[Excerpt] Another interesting point to make a note of is that the number of positions accessible by bicycle is greater than the number of positions accessible by public transportation. This indicates that it is also worthwhile to think about improving the current condition of bike routes and bike rack-equipped transit systems, so that both biking and public transit (or the two combined, as bikes can reduce workers’ time getting to or from bus stops) are more on par with private automobiles. Major barriers remain here: in DataHaven’s Greater New Haven Wellbeing Survey, only half of adults in the city center felt they had places to bicycle in their neighborhoods that were safe from traffic.

Aside from these three specific cases, the map also brings to life the implications of “spatial mismatch,” that is, the fact that employment opportunities for low-income people are increasingly located farther from the neighborhoods where they live. Poverty clusters in older urban centers and peripheral cities such as Waterbury and Meriden, but low-wage, low-skill job opportunities are becoming more concentrated in wealthier suburban districts. According to DataHaven, which is conducting a Jobs Access and Transit Study, the mismatch between where low-income residents work and where they live is clear in Greater New Haven, particularly for people of color:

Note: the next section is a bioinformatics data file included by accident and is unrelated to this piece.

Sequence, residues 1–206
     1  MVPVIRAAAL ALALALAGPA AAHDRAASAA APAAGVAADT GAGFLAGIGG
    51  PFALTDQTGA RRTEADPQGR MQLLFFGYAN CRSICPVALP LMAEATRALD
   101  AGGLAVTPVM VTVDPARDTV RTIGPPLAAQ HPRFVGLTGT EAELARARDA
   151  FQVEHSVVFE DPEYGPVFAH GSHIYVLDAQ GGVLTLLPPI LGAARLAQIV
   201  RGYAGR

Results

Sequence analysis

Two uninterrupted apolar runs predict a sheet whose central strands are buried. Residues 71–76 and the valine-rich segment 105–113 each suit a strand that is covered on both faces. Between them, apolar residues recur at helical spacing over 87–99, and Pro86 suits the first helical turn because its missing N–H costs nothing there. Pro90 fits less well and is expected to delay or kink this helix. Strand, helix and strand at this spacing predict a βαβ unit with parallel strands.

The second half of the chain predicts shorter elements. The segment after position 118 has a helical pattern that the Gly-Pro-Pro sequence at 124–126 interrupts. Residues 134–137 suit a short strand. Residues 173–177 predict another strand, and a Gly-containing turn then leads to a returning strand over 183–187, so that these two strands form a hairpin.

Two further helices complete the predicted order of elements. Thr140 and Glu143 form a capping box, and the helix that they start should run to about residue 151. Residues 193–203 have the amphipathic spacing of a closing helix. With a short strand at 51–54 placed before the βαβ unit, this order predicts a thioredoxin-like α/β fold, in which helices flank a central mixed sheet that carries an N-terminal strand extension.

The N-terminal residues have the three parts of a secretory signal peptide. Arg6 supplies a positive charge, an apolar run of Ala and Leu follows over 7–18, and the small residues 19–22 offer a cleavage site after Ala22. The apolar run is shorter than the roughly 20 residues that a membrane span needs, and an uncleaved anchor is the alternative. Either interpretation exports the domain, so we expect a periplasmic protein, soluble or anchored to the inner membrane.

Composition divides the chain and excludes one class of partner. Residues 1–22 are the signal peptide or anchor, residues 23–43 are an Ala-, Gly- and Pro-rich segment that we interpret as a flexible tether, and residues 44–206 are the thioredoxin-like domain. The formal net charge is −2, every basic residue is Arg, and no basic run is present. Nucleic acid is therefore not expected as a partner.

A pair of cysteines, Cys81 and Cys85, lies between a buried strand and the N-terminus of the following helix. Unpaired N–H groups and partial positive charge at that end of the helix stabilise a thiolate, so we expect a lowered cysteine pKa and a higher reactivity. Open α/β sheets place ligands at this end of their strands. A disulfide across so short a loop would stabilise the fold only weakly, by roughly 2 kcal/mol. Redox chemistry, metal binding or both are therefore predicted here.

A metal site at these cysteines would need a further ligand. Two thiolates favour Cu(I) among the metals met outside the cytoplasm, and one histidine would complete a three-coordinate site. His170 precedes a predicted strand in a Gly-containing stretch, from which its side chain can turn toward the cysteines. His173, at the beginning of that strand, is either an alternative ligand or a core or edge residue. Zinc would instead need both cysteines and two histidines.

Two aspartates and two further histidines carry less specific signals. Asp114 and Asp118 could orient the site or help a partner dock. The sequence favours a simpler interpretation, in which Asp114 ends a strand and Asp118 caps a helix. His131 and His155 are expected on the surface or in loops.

There are 4,000 African-American and Hispanic workers earning less than $40,000/year who live in New Haven’s “Outer Ring suburbs,” a collection of 10 towns that surround our core municipalities of New Haven, East Haven, Hamden, and West Haven – that represents 4 percent of the total number of workers who live in those towns. At the same time, there are 16,000 African-American and Hispanic workers earning less than $40,000/year who hold jobs in those towns – that’s 15 percent of the total employment base in those towns.
As we showed in our Community Index, high-income workers living in our suburbs rely on New Haven for the majority of their high-paying jobs, but they also rely in large part on a substantially less well-paid, diverse workforce that commutes in from places like New Haven. If everyone had access to high-quality transportation whether or not they owned a vehicle, more of these suburban jobs – many of which fall within second shifts at retail centers – might be accessible to city residents.